With their tall, elegant spires of purple or white flowers, foxgloves bring shady borders to life in early summer. The foxglove is one of those wildflowers that has made itself at home in our gardens, and it’s easy to see why. Loved by pollinators, especially bumblebees, this low-maintenance beauty will self-seed gently around your garden, creating an aura of cottage garden charm.
All about foxgloves
Most foxgloves are biennial, producing a rosette of leaves in their first year followed by a tall flower spire in their second, then setting seed and dying. Shake a dried foxglove flower spire, and thousands of tiny black seeds will scatter everywhere, self-seeding wherever growing conditions are right.
Most of the foxgloves you’ll find in gardens today were bred from our native foxglove Digitalis purpurea, a woodland plant, so they do best in dappled shade and moist, well-drained soil. For sunny gardens and drier soils, perennial foxgloves like Digitalis obscura and Digitalis parviflora are better choices. These species come from southern Spain and the Mediterranean.
Although foxgloves are beautiful, it’s important to remember that they’re also poisonous. Always wash your hands after working with foxgloves – for example, if cutting flowers for the house – and don’t grow them if you have pets that eat plants.
Growing foxgloves from seed
Foxgloves grow quickly from seed, and the simplest way is simply to scatter the seed directly where you want plants to grow. Do this in late summer, so that the young seedlings have time to harden before winter arrives. You can also sow seed in autumn or early spring in trays filled with multipurpose compost. Here’s how it’s done:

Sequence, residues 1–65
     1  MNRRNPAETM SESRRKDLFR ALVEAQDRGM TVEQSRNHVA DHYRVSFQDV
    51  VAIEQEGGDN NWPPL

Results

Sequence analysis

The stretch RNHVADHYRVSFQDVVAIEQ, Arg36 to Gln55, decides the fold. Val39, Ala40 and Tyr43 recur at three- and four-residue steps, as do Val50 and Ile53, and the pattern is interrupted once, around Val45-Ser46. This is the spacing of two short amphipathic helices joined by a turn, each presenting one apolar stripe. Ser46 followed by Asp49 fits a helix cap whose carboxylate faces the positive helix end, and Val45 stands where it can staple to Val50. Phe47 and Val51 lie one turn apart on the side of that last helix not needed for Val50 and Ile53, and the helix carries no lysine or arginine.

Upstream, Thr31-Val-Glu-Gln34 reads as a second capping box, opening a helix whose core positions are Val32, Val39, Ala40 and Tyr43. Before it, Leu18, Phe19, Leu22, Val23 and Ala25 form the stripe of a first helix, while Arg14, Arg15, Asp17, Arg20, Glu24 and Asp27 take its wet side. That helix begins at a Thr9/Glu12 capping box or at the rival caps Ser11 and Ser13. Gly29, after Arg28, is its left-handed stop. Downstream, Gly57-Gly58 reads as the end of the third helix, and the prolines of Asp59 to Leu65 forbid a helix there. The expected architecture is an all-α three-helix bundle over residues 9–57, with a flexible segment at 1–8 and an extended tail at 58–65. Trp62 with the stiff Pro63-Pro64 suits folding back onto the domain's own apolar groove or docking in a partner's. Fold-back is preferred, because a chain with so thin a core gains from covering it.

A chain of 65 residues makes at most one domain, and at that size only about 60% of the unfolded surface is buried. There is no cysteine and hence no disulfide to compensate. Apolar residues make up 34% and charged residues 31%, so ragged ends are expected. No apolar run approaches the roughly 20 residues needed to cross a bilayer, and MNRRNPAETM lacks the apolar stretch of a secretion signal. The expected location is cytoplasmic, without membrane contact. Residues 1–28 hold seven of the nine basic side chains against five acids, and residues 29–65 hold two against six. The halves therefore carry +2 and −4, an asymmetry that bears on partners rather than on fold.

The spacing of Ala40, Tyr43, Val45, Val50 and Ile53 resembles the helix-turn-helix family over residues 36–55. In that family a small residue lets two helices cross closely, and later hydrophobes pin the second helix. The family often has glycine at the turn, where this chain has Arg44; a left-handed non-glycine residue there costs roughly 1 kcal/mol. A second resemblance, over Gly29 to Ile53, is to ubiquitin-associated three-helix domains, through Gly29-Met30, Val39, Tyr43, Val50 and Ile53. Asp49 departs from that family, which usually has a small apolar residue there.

- Scatter the seeds over the compost and press down lightly, but don’t cover over with compost, as the seeds need light to germinate.
- Water the trays and place them in a frost-free greenhouse or on a sunny windowsill.
- Once the seedlings have germinated, prick them out and pot on into individual 9cm pots.
- Plant out in spring once all risk of frost is past. Space plants at least 30cm (12in) apart, as they won’t grow tall if overcrowded.
- Unless you’re growing perennial foxgloves, you’ll need to plant or sow foxgloves two years in a row to have plants flowering each year.
How to care for foxgloves
The most important part of caring for foxgloves is to give them the right environment to grow in. For the best results, follow these tips:
- Protect the young plants from slugs and snails in spring.
- Deadhead after flowering for a second flush of flowers in late summer, but leave a few flower spires to stand and set seed.
- Once biennial foxgloves have flowered and died, pull them up.
- Cut perennial foxgloves back to ground level once they have finished flowering, and mulch the plants with compost in spring.
Whether it’s seeds, plants or gardening essentials you’re looking for, you’ll find them in our centre. We’re always happy to help with all your gardening queries!